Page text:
The expression “God of peace” identifies him as the source of the peace or inner well-being that believers experience, knowing that he will care for them and sustain them in whatever circumstances they may come to be. God is also the source of peace in that he made it possible for humans to be reconciled to him as his beloved children on the basis of Jesus Christ’s sacrifice. “He raised the great shepherd of the sheep from the dead.” The “sheep” are all believers who are under the loving care of “our Lord Jesus.” (13:20; see the Notes section.)
In the Greek text, the reference to the “great shepherd of the sheep” is followed by the words “in the blood of the eternal covenant.” This could mean that the God of peace raised his Son with the benefits from the blood that put the eternal new covenant in force. Another possible significance is that Jesus Christ validated the eternal new covenant with his own blood. A third meaning could be that Jesus Christ came to be the great shepherd of the sheep through his blood, the blood that put the eternal new covenant in force. As the eternal covenant, its benefits are enduring. (13:20)
The prayer for the Hebrew believers is that the God of peace would prepare or equip them “in everything good” (“in all good work” or “in all good work and word,” according to other manuscripts) “for the doing of his will.” This was an appeal for God to grant the Hebrew believers all the help and guidance they needed in order to do his will. God’s working among believers (“you,” the Hebrews who were being addressed; or “us,” including the Hebrews [according to other manuscripts]) would be through Jesus Christ and would result in their doing what would be pleasing in his sight. “To him [God be] the glory forever and ever [literally, ‘into the ages’; or, according to other manuscripts, ‘into the ages of the ages’]).” For all that God has done, “glory” or “honor” are his rightful due for all time to come. (13:21)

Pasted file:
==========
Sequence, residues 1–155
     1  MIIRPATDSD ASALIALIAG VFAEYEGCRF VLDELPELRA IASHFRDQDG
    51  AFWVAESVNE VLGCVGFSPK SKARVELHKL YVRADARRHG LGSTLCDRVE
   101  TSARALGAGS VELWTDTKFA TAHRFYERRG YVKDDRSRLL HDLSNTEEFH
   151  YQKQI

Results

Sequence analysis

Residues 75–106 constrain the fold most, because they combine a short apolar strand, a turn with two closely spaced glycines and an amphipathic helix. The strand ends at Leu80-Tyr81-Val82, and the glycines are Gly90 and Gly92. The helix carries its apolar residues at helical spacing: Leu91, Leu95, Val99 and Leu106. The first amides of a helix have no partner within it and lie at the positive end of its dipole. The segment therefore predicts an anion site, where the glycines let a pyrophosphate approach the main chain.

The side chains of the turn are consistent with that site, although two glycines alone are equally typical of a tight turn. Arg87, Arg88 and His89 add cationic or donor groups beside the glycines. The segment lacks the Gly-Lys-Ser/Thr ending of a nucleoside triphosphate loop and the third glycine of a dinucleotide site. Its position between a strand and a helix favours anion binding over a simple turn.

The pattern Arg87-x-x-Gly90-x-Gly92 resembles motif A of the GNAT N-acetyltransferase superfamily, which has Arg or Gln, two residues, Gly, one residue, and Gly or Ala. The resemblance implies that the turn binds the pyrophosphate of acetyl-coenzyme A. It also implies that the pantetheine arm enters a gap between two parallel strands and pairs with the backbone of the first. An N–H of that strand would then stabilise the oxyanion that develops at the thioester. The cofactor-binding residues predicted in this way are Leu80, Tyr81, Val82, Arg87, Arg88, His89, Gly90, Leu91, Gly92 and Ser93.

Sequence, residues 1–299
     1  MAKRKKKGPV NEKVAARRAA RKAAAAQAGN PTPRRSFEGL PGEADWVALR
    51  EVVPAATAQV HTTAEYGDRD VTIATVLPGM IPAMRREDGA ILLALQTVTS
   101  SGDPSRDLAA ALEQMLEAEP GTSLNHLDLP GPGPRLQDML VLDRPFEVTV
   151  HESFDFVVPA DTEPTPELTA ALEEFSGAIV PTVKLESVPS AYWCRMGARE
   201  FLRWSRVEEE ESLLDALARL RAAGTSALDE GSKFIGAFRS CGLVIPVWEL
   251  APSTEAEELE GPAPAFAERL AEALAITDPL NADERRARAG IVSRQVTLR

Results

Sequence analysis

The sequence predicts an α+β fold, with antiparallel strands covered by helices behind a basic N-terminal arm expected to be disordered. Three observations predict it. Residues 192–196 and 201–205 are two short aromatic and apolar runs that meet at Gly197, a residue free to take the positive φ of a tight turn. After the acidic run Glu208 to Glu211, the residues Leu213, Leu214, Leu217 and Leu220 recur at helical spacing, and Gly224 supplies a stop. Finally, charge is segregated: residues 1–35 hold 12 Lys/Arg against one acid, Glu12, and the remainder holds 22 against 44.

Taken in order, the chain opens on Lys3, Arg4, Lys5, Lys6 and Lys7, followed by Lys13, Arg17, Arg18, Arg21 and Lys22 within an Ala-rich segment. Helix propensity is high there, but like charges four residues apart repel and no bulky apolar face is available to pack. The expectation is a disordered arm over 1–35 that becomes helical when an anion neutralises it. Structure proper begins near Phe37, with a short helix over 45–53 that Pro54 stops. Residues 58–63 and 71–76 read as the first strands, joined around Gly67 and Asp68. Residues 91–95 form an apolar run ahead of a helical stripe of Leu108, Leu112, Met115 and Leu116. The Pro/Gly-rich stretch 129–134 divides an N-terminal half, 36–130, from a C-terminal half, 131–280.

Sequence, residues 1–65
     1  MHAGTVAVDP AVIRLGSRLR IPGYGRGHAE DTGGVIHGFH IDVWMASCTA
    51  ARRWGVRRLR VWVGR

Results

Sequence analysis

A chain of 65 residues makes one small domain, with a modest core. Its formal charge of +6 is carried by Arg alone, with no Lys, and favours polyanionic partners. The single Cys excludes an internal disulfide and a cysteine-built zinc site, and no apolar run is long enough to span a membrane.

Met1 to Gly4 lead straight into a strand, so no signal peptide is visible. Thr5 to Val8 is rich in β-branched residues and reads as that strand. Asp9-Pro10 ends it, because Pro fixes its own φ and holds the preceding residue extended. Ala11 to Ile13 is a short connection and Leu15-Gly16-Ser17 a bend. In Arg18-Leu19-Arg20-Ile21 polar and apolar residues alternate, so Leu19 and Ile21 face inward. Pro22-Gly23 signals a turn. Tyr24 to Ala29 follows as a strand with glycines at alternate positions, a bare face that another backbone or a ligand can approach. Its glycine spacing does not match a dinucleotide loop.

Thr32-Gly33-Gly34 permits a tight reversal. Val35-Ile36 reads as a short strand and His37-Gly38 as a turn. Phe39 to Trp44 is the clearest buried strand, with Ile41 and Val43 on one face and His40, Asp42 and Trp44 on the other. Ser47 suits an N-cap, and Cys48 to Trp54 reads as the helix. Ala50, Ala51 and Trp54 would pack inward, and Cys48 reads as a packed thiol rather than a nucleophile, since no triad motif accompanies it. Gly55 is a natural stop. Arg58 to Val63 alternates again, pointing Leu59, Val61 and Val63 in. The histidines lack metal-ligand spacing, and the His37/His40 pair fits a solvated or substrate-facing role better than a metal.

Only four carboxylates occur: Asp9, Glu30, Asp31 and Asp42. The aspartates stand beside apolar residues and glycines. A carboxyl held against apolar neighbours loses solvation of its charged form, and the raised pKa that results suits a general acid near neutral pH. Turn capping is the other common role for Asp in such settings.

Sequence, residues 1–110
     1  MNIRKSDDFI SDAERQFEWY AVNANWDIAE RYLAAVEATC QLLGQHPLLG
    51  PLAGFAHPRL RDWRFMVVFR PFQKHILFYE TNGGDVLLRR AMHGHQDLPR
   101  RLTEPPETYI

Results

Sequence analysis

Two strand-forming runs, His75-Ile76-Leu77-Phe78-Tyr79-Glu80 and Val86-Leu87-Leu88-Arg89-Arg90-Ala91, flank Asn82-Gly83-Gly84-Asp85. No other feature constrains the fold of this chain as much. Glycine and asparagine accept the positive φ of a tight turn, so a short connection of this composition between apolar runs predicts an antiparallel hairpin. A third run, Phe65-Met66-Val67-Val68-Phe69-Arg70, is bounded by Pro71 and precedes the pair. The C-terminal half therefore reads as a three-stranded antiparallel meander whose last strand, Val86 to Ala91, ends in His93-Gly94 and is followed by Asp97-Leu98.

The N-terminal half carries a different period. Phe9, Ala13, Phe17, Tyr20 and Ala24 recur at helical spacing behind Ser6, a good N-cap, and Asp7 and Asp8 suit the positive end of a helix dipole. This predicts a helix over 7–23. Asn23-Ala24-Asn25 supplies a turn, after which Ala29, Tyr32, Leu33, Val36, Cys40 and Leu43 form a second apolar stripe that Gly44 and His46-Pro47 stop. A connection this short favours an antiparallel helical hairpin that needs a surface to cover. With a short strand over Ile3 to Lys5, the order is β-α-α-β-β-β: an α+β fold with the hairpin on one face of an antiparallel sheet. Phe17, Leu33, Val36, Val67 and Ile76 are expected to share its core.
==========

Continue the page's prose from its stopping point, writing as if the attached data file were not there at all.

Instead of expressing himself at great lengths, the writer limited himself to a short presentation. On this basis, he admonished his “brothers,” fellow believers, to be patient with his word of exhortation or to give patient attention to what he had written. (13:22)